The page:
Direct-to-consumer: some of the best brand extensions from Vogue, The New Yorker, Atlas Obscura and more

Direct-to-consumer (D2C) is fast becoming a vital revenue stream for publishers across the world, as media brands are moving away from traditional reliance on ads. While D2C comes in many guises, some of which have been around for decades, one tried-and-tested approach is brand extensions.

Whether it’s lending their name to events or creating entirely new editions in previously untapped markets, there are plenty of directions in which to take this to monetise a trusted brand. Here, we take a look at seven media companies who are successful in this area.

1. The New Yorker Store

The New Yorker, known for its longform, literary features and deeply researched articles, has harnessed that reputation by selling select, high quality merchandise in its online store. Launched in November 2020, it aims to provide readers with “apparel, home goods, and more that celebrate the magazine, its history, and its sense of humour”, according to its newsletter. 

The New Yorker online store

Their success lies in the air of selectiveness that surrounds the items on offer. Recently, the magazine announced a limited-edition collaboration with Sleepy Jones, selling pyjama sets featuring the work of New Yorker cartoonist Charles Barsotti which would be available to buy through the store for two weeks only. 

2. Vogue online shops and café

As a powerhouse brand whose name speaks for itself, Vogue’s e-commerce success extends across different territories, including the UK, Spain, Germany and beyond.

In 2020, the brand also launched a shopping vertical in the US which revolves heavily around curated, shoppable style advice content. Vogue is a veteran when it comes to brand extensions, which include a Vogue holiday gift e-commerce shop, a 125th anniversary shop, and Vogue 100, the brand’s membership programme – and it’s adding new ones all the time. Which brings us on to…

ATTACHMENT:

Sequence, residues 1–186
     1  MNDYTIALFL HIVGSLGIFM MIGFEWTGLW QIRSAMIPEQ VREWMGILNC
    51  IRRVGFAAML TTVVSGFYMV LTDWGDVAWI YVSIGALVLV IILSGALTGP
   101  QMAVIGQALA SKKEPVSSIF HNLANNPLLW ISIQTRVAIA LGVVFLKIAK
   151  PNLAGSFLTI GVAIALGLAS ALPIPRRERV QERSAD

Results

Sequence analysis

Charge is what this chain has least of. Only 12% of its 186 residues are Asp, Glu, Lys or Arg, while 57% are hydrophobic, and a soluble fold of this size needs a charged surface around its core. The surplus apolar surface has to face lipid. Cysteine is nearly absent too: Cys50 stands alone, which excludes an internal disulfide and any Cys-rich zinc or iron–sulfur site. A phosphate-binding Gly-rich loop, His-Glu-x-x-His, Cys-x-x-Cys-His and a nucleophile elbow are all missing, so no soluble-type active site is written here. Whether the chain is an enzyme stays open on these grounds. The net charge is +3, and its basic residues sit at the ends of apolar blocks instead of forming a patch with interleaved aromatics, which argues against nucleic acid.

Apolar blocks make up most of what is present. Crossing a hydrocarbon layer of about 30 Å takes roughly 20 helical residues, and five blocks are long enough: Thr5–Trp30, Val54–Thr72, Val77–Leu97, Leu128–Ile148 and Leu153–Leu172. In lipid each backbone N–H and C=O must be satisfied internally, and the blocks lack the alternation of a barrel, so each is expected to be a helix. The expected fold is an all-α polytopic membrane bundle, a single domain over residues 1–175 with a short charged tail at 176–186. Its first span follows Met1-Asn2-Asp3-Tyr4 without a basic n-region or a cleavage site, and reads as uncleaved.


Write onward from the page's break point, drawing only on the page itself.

Vogue Café Beijing

Vogue Café Beijing. As we reported back in January, it is spread over 400 square metres in the bustling China World Mall in central Beijing – and channels all of the iconic brand’s imagery.

“Translating the 2D digital print experience into a physical space is all about creating those touch points – those recognisable moments consumers associate with Vogue,” Markus Grindel, Managing Director, Global Brand Licensing at Condé Nast, told us.

“It’s helpful to look at extensions through the audience lens not just through the brand owner lens,” he added. “In all cases, not only with the branded property ventures, but across our branded products, you have to make sure that consumer proposition aligns with the Vogue brand and values of quality and creativity. If you get that right, it’s a recipe for success.”

Monocle shop

3. Monocle shop

Well known for eschewing social media and creating beautiful, book-like editions of its magazine, Monocle seems entirely on-brand with its physical shops in Tokyo, Zürich, Los Angeles, Toronto, Hong Kong, and Merano (Italy), as well as two branded cafés in London.

However, there’s an online shop, too, which sells many of the quirky, up-market items its readership would expect. The company also joins forces with various artisans from its target countries to sell limited-edition items, such as belts by Italian designer Adriano Meneghetti and a special version of a Timor table calendar. 

4. Real Simple handbags